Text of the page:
Becoming All Things to All People to Win Some

For though I am free from all, I have made myself a servant to all, that I might win more of them. To the Jews I became as a Jew, in order to win Jews. To those under the law I became as one under the law (though not being myself under the law) that I might win those under the law. To those outside the law I became as one outside the law (not being outside the law of God but under the law of Christ) that I might win those outside the law. To the weak I became weak, that I might win the weak. I have become all things to all people, that by all means I might save some. I do it all for the sake of the gospel, that I may share with them in its blessings. (1 Corinthians 9:19-23, ESV)

One of the marks of a good teacher is the ability to adapt one’s teaching approach to the learners’ needs. The better you know those you teach, the better you are able determine where to start, what concepts may need more explanation, what teaching methods may best fit them, what may hinder their learning, and more. A mark of a great teacher is that she or he cares enough to actually adapt their teaching to help their students learn. It’s not enough to have the ability to do it, we also need to care enough to do it, even when it increases our workload or makes us uncomfortable. I had a statistics professor who patiently worked with students who had math-phobia, doing everything he could to help them understand. It made a huge difference in their learning!

Paul cared deeply for those he taught, both Jews and Gentiles. His greatest desire was for them to respond in faith to the gospel and be saved. He was willing to shift his approach to meet the needs of those he taught, considering their background, understanding, values, and what would most likely persuade them. Paul was willing to “become all things to all people, that by all means I might save some.” Paul did everything for the sake of the gospel, that he could share the blessings he had in the gospel with them in ways that spoke to their hearts.

What motivates you to lead a Bible study group? Paul knew the gospel and was blessed by it, and he wanted others to share in that blessing. That desire, that love for people and care for their salvation, moved him to do all within his power to help them understand the good news of what Christ had done for them. Earlier in this chapter, Paul wrote that those who shared the gospel with others should be paid for their hard work, but he himself did not want to receive any payment for his efforts—this was God’s calling for him—he was compelled to share the good news with others. He had no desire for monetary gain, instead finding deep satisfaction in helping others understand and respond in faith to God’s gospel.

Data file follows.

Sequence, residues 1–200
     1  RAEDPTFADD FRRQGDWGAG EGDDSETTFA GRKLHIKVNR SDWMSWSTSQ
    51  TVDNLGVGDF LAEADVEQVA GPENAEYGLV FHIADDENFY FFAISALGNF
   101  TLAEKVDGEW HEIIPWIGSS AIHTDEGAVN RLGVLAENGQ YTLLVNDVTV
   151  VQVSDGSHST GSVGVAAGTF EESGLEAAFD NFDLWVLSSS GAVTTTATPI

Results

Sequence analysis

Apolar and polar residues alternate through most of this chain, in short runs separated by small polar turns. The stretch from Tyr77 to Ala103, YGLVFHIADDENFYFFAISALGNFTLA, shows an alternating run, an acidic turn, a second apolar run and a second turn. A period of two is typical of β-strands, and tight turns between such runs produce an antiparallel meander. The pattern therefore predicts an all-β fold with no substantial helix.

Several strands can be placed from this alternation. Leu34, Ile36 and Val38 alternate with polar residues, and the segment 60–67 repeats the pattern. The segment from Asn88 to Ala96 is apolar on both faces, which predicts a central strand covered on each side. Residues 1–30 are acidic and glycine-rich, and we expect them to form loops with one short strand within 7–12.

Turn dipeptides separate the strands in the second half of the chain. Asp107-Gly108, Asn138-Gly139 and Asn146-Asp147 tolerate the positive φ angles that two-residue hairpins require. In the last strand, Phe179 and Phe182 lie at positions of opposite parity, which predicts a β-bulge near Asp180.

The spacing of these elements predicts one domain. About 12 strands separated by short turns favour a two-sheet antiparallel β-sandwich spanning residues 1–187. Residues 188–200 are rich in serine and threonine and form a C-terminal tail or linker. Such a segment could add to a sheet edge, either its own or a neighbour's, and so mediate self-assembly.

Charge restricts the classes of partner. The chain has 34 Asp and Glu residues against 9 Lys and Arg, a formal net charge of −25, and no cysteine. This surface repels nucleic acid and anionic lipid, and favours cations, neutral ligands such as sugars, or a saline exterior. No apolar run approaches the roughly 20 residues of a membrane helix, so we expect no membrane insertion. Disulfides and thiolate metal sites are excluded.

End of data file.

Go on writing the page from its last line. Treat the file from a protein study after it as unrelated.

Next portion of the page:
How far are you willing to go to help someone understand the gospel? Paul was willing to do anything he could think of to reach people from different backgrounds. He was not content to use a “one size fits all” method, but adapted his approach in light of his hearers’ backgrounds and needs. When I think about our teaching ministries today, we are a bit like missionaries who want to take the gospel to a new people group. They spend much time studying the culture of those they will serve, looking for insights that might help them explain the gospel in ways the people can understand and receive. They live with the people, enter into their daily life, striving to understand how best to teach them, trying out different approaches until they find one that really works well. Paul approached his ministry the very same way, as he traveled and taught, and I believe God calls us to this same kind of effort.

This points to the need for we, as teachers, to take the time to really get to know those we teach. The better we know their backgrounds, their knowledge of the Bible, and cultural influences, the better we can adapt our teaching to be more effective in helping them learn and respond to God in faith. We don’t just teach Bible lessons, we teach people, and like Paul we must love our people enough to get to know them so we can learn how to teach them well.

How are you doing at getting to know those you teach and at discerning what helps them learn? This kind of discernment requires significant time investment. With so many other demands on our time, only our love for others and our desire to share the blessings of the gospel with them will move us to carve out the time we need to know them well. I pray that you will catch the same love for others that caused Paul to do everything within his power to reach them with the gospel!

Father, thank you for reaching out to me where I am, helping me understand and respond to the gospel message. Thank you for Paul’s example, and may his love for others be my own as well. As I teach others, move my heart to the point where I will do everything within my power to help them know your gospel message, and may you move their hearts to respond in faith so that I may have the joy of sharing the blessings of the gospel with them! Amen.

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